We live in a world in which some good tendencies—the tendency to critique, the tendency to be skeptical—have gotten out of hand. And as a result, and we live in a polarized environment in which, for ideologically convenient ends, people who see ideologically inconvenient “knowledge” have more ways to discredit it with fewer places to anchor the knowledge.

When it comes to the distinction between information that is and is not consequential, Jamison gives a shout-out to the judiciary, noting that the courts have established rules for determining what constitutes relevant evidence and determining its credibility. Those mechanisms allowed the courts to arrive at a common conclusion when faced with the false assertions of the Trump campaign. We aren’t without tools for determining what is knowable and what is not.

That said, Jamison’s concern is with consequential facts.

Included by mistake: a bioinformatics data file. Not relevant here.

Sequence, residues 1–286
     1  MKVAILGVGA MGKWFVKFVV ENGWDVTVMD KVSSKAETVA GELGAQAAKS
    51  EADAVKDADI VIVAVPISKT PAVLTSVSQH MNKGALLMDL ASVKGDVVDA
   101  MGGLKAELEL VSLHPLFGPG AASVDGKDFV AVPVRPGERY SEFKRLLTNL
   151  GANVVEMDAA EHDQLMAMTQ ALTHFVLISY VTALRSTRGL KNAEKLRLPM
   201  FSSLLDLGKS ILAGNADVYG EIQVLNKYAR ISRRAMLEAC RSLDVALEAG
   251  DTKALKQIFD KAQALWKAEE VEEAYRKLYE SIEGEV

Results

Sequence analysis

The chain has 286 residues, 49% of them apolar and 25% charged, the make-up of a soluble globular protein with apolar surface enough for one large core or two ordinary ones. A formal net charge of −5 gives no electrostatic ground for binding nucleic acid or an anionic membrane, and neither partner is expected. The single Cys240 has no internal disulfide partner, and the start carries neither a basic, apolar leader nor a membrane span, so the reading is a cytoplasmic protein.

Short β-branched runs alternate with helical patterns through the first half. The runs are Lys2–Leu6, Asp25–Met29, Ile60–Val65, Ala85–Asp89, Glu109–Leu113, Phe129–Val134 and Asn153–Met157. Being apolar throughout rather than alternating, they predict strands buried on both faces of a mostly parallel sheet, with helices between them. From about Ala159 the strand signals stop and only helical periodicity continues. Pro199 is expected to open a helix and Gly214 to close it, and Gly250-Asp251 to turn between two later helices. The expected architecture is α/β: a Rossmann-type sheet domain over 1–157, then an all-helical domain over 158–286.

With a lot of things, whether or not they’re factual doesn’t really affect anybody. I mean, they’re useful to know at a cocktail party, but they’re not consequential.

So how do we understand what is consequential? She provides an excellent analogy:

If you’re going to teach kids civics, I don’t care whether they know when Paul Revere rode. I don’t even care if they know that Paul Revere rode. In fact, I don’t care whether Paul Revere rode.

I do care that they understand there are three branches of government. I care that they understand that there are checks and balances built into our system. I care that they understand we have a veto—and what that means, when you exercise it, and how you override it. I care that they understand that there’s an independent Supreme Court; that we’ve set up the Supreme Court to be different and that it’s not a political branch of government. Those are consequential. They are consequential because if you understand them, you act and think differently about our system of government. The willingness to protect our system is, in part, a function of understanding our system, and understanding that our system has presuppositional facts—consequential facts—under it. If I don’t understand those things, then if the Supreme Court issues a series of unpopular decisions that I don’t like, I’m more likely to say that maybe we should get rid of the Supreme Court.